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Dear Dana: Refusal to reverse is NOT a pleasure!

By DANA HOKANA - Horsetrader columnist - October 4th, 2012 - Q&A Dear Dana

DEAR DANA: I am having trouble with my horse refusing to walk when I reverse in my Western Pleasure class. She is an older mare who has been shown a lot and wants to jiggy jog when we reverse.
Lee, Woodland

DEAR LEE:I have some suggestions that I know will help you with your horse.

First of all, your mare sounds like she is anticipating the gaits that are about to be called in the class. Pleasure classes are run so that the rider is to reverse their horse and then either jog or lope. She wants to hurry up and get the class over with! She needs to learn to relax, wait for your cue, and walk willingly. This is how we will retrain her. These techniques have worked many times for me, as this is a common problem. I have three tips to turn her around.

1. Work on the walk outside of the show arena.

If I know my horse doesn’t like to walk, I will do a lot of walking. Often, we are working on the jog and lope all of the time during training and spend very little time on the walk. When I work on the walk I will take hold of their face and rub my legs on my horses sides –not in an aggressive or angry manner, but rather just slide my calves back and forth until my horse relaxes and accepts the pressure. Often, part of the problem is your horse is anticipating the cue of your leg to move forward into the next gait. By desensitizing her to your legs, you will help her to relax. It also reframes in her mind that the walk is a gait that is done in collection and with pressure, just as the lope and jog.

At the walk, as I have hold of my horses face, I will often ask for her to slow the step down and speed it up, all while maintaining my collection. I will then walk my horse on a loose rein just like in the show arena. Then, I will pick her back up and rub my calves and often talk to her and say, “walk,” repeatedly. I want this time to be soothing, and for my voice to help her relax. I also can use my voice in the show pen after she associates it with this positive experience. Try not to bump or be heavy-handed. It is not meant as a punishment, just part of her work out. Then, I will practice reversing and walking while I pick her up and relax her.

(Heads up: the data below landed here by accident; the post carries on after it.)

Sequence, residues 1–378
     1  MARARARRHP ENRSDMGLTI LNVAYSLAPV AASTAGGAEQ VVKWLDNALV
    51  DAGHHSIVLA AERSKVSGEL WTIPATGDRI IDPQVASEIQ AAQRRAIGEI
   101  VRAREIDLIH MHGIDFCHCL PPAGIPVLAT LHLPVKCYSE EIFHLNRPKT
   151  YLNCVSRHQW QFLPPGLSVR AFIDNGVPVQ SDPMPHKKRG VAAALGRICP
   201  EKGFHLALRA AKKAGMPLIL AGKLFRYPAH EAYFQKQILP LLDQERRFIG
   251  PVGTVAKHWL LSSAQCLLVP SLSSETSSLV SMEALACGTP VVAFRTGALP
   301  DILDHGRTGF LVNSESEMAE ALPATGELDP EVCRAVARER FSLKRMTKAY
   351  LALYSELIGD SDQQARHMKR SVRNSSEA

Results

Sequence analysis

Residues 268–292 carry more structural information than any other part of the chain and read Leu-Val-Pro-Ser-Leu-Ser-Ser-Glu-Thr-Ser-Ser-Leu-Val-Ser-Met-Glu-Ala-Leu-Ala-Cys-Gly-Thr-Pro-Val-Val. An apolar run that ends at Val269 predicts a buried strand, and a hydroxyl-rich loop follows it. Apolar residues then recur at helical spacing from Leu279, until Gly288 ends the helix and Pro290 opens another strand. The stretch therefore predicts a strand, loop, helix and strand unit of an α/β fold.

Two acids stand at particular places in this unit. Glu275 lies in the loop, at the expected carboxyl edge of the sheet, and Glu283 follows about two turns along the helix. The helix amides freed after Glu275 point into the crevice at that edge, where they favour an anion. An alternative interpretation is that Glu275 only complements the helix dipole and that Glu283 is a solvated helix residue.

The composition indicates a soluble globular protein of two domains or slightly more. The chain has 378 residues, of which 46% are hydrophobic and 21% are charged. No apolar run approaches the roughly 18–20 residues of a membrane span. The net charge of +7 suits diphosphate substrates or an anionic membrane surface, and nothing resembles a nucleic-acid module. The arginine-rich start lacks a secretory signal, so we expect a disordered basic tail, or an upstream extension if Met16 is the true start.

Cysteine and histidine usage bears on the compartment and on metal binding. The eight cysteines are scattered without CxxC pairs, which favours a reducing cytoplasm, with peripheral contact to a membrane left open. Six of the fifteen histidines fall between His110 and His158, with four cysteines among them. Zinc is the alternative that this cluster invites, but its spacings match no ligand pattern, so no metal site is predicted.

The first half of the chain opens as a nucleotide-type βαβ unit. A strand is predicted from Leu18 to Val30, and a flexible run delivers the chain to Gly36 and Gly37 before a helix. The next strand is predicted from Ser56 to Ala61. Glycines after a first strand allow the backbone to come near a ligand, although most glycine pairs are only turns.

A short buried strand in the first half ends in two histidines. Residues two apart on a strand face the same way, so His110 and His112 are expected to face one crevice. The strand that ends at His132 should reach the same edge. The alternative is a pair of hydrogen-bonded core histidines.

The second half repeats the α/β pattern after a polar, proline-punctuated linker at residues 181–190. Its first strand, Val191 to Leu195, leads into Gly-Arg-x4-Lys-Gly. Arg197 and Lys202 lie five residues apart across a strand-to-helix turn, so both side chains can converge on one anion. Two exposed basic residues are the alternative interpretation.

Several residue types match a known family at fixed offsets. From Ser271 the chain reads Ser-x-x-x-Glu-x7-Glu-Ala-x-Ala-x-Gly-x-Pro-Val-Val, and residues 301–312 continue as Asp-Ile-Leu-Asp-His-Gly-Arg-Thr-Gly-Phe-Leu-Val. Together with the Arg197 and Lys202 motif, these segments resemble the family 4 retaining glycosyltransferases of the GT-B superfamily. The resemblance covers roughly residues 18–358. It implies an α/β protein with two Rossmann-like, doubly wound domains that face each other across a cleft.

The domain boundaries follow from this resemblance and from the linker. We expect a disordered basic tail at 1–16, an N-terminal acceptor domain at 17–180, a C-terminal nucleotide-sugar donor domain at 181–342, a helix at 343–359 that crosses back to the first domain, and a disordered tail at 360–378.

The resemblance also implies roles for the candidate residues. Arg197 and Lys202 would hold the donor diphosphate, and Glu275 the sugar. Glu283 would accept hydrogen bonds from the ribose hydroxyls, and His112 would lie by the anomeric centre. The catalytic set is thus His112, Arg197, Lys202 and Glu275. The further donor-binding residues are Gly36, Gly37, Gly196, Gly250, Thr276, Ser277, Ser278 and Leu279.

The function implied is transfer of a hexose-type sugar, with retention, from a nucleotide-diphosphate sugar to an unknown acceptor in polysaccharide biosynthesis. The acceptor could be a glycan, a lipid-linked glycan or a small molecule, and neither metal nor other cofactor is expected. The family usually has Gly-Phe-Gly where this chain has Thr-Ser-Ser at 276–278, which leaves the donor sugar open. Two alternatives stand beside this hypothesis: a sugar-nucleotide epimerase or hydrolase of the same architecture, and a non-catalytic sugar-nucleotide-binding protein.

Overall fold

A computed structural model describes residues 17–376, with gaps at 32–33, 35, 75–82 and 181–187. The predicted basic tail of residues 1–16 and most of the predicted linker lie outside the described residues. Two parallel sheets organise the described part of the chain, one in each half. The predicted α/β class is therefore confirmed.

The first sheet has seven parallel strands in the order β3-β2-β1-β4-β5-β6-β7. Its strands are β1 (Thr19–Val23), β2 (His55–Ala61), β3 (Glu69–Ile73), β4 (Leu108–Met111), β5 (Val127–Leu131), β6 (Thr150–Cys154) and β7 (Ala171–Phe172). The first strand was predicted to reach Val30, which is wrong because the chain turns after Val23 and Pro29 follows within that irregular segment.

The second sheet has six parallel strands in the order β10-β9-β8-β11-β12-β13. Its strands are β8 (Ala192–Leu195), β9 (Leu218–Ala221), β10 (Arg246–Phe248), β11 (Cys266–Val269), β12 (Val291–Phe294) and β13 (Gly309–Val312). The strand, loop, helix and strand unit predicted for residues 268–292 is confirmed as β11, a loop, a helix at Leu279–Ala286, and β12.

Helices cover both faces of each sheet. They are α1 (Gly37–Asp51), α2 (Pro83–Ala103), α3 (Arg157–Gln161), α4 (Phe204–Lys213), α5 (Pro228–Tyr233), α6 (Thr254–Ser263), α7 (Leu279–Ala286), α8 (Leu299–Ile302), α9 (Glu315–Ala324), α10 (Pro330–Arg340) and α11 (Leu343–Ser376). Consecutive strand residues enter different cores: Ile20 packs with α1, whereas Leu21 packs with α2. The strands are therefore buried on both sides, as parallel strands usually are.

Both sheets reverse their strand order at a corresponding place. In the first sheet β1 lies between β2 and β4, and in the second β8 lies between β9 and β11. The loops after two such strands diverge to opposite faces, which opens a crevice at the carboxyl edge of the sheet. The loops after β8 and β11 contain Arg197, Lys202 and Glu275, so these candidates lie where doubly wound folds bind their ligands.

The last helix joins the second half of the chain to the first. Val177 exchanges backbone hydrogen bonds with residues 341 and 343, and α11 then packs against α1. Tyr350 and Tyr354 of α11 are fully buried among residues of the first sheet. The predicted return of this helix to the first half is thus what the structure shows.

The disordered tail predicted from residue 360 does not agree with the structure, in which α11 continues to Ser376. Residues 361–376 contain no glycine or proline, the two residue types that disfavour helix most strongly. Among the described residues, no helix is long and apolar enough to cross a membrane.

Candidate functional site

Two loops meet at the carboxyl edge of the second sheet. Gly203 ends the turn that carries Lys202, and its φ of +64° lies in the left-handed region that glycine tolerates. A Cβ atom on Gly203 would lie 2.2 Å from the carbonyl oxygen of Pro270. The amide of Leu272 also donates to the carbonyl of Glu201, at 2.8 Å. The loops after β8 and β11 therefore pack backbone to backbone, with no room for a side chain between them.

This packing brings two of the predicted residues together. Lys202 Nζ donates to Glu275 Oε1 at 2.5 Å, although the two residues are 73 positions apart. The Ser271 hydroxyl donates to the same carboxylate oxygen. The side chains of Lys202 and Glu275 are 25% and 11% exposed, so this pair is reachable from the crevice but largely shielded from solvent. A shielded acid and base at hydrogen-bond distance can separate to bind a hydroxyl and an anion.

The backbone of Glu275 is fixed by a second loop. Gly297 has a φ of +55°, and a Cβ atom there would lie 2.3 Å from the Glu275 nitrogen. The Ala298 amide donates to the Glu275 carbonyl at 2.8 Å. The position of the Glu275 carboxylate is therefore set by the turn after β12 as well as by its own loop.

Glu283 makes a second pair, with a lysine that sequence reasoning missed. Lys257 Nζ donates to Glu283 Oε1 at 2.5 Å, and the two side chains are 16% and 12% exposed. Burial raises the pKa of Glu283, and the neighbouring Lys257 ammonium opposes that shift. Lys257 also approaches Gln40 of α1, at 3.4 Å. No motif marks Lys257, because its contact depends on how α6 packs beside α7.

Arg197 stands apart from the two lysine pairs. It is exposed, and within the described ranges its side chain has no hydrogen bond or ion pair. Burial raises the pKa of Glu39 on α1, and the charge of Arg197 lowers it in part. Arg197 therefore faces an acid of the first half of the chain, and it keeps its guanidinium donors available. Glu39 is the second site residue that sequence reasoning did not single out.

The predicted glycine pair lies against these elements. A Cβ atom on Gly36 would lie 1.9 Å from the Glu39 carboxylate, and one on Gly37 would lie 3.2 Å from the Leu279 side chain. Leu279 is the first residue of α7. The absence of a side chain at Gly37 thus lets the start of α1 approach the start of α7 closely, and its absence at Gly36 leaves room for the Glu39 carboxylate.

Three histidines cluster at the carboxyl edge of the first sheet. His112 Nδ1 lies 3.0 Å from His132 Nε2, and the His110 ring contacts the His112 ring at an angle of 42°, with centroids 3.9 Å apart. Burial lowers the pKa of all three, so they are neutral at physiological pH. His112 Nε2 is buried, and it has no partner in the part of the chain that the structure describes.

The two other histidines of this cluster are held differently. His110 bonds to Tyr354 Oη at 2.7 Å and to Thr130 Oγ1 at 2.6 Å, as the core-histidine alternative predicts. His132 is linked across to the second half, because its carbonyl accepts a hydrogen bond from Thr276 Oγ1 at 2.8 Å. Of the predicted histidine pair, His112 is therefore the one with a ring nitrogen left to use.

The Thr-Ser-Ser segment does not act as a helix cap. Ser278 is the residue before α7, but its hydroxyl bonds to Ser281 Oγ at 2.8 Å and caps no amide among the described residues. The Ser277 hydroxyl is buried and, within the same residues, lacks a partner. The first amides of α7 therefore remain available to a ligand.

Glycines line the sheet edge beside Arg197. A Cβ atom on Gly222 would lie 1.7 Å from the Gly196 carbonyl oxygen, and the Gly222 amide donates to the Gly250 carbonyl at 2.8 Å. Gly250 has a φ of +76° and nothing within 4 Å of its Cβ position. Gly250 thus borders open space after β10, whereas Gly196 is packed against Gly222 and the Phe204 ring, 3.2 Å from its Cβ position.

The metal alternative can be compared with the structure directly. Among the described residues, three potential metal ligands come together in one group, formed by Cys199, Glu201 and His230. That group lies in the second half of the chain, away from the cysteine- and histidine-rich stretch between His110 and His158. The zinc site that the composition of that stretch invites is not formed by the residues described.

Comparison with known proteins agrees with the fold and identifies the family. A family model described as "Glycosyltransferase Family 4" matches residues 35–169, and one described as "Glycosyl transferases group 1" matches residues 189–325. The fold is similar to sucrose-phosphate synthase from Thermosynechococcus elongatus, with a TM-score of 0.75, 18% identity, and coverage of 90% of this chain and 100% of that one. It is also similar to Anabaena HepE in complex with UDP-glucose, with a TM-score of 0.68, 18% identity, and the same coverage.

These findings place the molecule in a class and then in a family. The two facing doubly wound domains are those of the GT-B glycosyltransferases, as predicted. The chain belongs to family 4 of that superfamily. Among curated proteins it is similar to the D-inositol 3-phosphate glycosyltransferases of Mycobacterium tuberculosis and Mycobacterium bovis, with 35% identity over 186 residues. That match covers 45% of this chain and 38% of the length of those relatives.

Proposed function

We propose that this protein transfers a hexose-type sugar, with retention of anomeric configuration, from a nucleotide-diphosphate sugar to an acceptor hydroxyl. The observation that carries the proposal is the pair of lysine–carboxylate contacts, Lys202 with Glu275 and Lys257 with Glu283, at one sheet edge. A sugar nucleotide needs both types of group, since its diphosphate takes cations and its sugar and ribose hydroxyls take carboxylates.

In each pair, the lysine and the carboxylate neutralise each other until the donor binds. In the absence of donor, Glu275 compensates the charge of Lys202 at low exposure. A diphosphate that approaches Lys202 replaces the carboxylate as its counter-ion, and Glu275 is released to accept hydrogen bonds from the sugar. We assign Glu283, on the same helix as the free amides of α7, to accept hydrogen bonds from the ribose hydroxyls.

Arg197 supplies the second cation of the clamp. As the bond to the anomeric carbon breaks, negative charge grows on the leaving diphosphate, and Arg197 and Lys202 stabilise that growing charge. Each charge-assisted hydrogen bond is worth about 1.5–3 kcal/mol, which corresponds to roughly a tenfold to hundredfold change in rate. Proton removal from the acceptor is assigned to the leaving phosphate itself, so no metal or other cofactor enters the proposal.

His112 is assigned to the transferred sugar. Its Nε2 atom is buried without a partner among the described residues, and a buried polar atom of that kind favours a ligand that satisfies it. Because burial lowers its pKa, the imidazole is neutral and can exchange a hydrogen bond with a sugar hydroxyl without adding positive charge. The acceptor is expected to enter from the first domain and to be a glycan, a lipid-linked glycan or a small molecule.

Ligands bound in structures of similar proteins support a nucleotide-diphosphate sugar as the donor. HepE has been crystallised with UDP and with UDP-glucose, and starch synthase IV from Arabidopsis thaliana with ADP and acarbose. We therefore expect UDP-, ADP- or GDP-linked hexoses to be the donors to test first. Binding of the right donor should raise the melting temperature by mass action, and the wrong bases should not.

2. Find some schooling shows or classes where you can walk without taking the desired gaits.

This is another way to reprogram her thoughts about the reverse and walk. Go to shows where it is allowable to school your mare in a class without distracting others, and — while you reverse — keep walking. Also, even in the classes when you are showing, try to wait a moment before you go. She has learned this from years of getting to go right off in the new gait. I try to always be very respectful of other exhibitors and the judges by not waiting too long to go forward. I will often just count one-thousand-one, one-thousand-two, one-thousand-three, and then make my departure.

3. Make sure your horse isn’t too fresh.

Most horses that are “jiggy joggy” are anticipating the lope off. But when a horse “jiggy jogs”, they are usually either fresh or nervous. So, during this period where you are trying to retrain her, make sure that she is a little more tired than usual so that you aren’t dealing with nervous energy on top of your other issues with her. It may be a good idea to longe your horse before you ride at home and at the horse shows as well.

Good luck to you and I hope this helps.


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